Sharechat Logo

While you were sleeping: Facebook sparks tech selloff

Tuesday 20th March 2018

Text too small?

Wall Street dropped as a plunge in Facebook shares led a decline in technology stock amid concern the industry could face an increase in regulation. 

Shares of Facebook sank, down 6.5 percent as of 1.41pm in New York, amid reports of misuse of its users’ data. 

“Tech companies all use data one way or the other as part of their businesses,” Shawn Cruz, senior trading specialist at TD Ameritrade in Chicago, told Reuters. “They are going to get a lot more scrutiny over what data they are collecting and how they are using it.”

In 1.45pm trading in New York, the Dow Jones Industrial Average dropped 1.6 percent, while the Nasdaq Composite Index gave up 2.3 percent. In 1.30pm trading, the Standard & Poor’s 500 Index retreated 1.9 percent.

Also weighing on sentiment were concerns about an accelerating pace of US interest rate increases, as well as the ongoing chaos in the Trump administration and its moves towards increased protectionism.

“If the Facebook news didn’t exist there would be all sorts of jitters here just given the Trump stuff,” Michael Purves, Weeden & Co’s chief global strategist, told Bloomberg. “If the regulatory clouds come on Facebook, certainly Google and Amazon will face increasing questions about their ability to generate outsized earnings growth if the regulators are going to be beating them.”

On Tuesday, the Federal Open Market Committee begins its first two-day policy meeting under Chair Jerome Powell. While US policy makers are widely expected to announce an interest rate increase on Wednesday, investors will look for any indications that they are looking to speed up their planned pace of hikes.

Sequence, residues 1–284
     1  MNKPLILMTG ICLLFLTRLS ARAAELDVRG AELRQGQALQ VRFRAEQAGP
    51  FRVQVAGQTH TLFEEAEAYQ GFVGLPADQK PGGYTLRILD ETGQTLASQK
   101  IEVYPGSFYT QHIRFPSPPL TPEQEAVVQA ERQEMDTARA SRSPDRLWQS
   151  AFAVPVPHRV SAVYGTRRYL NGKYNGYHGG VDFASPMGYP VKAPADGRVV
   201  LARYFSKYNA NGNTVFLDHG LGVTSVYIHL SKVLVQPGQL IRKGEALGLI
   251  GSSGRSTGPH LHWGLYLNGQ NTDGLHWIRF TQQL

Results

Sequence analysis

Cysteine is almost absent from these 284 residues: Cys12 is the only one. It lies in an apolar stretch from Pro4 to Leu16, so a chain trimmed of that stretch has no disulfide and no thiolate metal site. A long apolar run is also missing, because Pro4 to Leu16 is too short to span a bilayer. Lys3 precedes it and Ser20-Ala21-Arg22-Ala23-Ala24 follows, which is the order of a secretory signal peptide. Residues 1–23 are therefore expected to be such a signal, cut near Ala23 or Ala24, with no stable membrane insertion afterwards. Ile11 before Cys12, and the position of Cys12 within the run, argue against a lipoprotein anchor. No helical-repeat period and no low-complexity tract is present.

The Dow dropped, led by declines in shares of Caterpillar and those of DowDuPoint, down 3.3 percent and 2.8 percent respectively. All 30 stocks in the Dow traded weaker as of early afternoon. 

US Treasuries rose, sending the yield on the 10-year note one basis point lower to 2.84 percent.

Shares of Apple fell 2.1 percent as of 1.37pm in New York. The company is designing and producing its own device displays for the first time, using a secret manufacturing facility near its California headquarters to make small numbers of the screens for testing purposes, according to people familiar with the situation, Bloomberg reported.

The technology giant is making a significant investment in the development of next-generation MicroLED screens, say the people, who requested anonymity to discuss internal planning, according to Bloomberg. 

In Europe, the Stoxx 600 Index declined 0.7 percent from the previous close. The UK’s FTSE 100 index shed 1.7 percent, Germany’s DAX Index fell 1.4 percent, while France’s CAC40 Index slid 1.1 percent.

The British pound climbed after the UK and the European Union reached agreement on the terms for the transition period immediately after Brexit. 

(BusinessDesk)

  General Finance Advertising    

Comments from our readers

No comments yet

Add your comment:
Your name:
Your email:
Not displayed to the public
Comment:
Comments to Sharechat go through an approval process. Comments which are defamatory, abusive or in some way deemed inappropriate will not be approved. It is allowable to use some form of non-de-plume for your name, however we recommend real email addresses are used. Comments from free email addresses such as Gmail, Yahoo, Hotmail, etc may not be approved.

Related News:

MARKET CLOSE: NZ shares fall as investor uncertainty weighs on exporters; F&P Health, A2 drop
NZ dollar drops below US68c on plan to up bank capital
Noel Leeming fined $200,000 for misleading consumers
Big four banks face stiffer capital requirements from RBNZ
Infratil signals A$50m investment in Canberra Data Centres
Govt provides $2.5 mln to develop Opotiki aquaculture
Labour co-ordinator role may alleviate kiwifruit labour shortage
NZ manufacturing activity chugs along in November
Australia's GWA lobs in $118M bid for Methven
Govt leaves door open for higher emissions price cap

IRG See IRG research reports